By Jamell Andrews
Carotenoids are natural antioxidants that have been found to improve immune function even lower the risk of cancer and other diseases. Getting these benefits is as simple as adding certain foods to your diet and an easy way to do this is to create a colorful plate.
Spotting foods that are packed with carotenoids is easy because they’re the most richly colored fruits and vegetables in your garden or grocer’s produce department.
Types of Carotenoids
There are more than 600 types of carotenoids, but those that we know the most about include:
- beta carotene
- beta cryptoxanthan
The Benefits of Carotenoids
The following are just some of the known benefits of carotenoids:
- Antioxidant effects. Carotenoids work much like antioxidants do, protecting your cells from the damaging effects of free radicals that damage DNA, leading to cancer and other diseases. Studies have found that carotenoids may prevent or slow the growth of cancer.
- Source of vitamin A. Vitamin A plays an important role in protecting us from infection and disease. It strengthens the immune system and works as a first line of defense, keeping toxins, bacteria, and viruses out. They do this by keeping skin and mouth tissue healthy, as well as our digestive and respiratory systems.
- Immune modulators. Carotenoids are natural immune modulators. They increase the body’s anti-viral activity and help your white blood cells do their job. This leads to a stronger and more efficient immune system, fewer colds, flus and infections, and a lower risk of cancer.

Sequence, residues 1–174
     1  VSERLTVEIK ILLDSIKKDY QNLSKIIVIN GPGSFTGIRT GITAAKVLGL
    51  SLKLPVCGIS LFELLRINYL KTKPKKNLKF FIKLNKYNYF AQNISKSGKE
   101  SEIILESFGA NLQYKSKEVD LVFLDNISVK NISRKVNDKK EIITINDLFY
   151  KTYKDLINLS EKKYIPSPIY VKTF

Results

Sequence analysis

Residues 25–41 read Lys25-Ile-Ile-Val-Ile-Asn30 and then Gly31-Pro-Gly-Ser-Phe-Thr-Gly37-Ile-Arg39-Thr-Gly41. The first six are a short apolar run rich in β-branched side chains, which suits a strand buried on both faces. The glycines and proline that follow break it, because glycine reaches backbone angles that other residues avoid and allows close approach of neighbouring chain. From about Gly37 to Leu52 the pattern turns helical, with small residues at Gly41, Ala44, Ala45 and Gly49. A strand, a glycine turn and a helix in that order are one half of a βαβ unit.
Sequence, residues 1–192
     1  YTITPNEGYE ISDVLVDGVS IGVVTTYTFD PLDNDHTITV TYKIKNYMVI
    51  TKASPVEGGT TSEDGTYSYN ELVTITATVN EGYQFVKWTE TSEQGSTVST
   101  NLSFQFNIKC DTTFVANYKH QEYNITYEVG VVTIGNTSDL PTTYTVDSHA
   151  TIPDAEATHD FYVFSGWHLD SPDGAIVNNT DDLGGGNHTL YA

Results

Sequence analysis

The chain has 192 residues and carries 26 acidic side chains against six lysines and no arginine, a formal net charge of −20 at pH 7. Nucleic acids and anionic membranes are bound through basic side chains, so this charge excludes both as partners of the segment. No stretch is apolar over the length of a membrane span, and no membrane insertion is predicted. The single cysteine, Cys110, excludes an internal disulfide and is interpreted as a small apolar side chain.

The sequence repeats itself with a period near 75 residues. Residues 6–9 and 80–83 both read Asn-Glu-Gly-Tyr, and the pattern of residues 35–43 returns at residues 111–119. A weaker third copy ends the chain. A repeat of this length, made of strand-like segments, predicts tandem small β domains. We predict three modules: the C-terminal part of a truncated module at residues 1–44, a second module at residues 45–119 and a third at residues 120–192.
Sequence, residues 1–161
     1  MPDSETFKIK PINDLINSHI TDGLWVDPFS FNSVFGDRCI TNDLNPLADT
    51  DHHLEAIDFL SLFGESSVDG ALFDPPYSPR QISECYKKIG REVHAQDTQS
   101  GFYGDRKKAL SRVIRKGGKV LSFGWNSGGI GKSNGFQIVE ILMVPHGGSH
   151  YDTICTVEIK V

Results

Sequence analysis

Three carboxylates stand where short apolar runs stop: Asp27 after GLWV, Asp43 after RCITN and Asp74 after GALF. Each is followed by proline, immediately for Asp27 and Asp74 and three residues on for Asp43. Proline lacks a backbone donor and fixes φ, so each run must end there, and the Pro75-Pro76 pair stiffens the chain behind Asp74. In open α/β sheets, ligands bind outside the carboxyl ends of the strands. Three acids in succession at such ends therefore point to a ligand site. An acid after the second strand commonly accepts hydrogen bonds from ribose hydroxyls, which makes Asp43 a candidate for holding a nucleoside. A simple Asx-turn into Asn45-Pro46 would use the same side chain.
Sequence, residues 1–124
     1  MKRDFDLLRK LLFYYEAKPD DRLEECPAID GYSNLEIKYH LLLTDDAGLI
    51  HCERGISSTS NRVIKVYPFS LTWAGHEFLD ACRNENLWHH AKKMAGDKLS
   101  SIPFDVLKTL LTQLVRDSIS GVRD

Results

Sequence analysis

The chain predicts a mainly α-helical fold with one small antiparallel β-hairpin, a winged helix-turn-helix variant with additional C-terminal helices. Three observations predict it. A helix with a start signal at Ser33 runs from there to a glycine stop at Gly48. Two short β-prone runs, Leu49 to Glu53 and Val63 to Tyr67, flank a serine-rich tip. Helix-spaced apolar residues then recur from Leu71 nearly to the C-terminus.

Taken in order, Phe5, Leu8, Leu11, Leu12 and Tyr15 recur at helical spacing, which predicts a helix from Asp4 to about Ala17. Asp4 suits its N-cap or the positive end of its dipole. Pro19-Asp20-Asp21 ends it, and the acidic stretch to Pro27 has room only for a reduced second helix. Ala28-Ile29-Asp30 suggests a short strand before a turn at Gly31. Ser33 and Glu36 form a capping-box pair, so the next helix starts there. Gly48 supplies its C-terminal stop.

Along with lowering the risk of various infections, cancer, and heart disease, carotenes have also been linked to a lower risk of:
- Eye disease, particularly age-related macular degeneration
- Complications from lung disease
- Exercise-induced asthma
- Pregnancy complications
What to Eat for Maximum Benefits
Most health authorities, including the American Cancer Society, the World Cancer Research Institute, the World Health Organization’s (WHO) International Agency for Research on Cancer, as well as the American Heart Association recommend getting carotenoids and other antioxidants from food rather than supplements.
To get the recommended amount in your diet, aim for 5 servings of fruits and vegetables every day. The richer the color of the fruits and vegetables you eat, the better.
The following are fruits and vegetables that are rich in carotenoids:
- Brussels sprouts
- mustard greens
- summer squash
- turnip greens
- winter squash
Add 2 or 3 servings of these to each of your meals for meals that are as healthy as they are pleasing to the eye!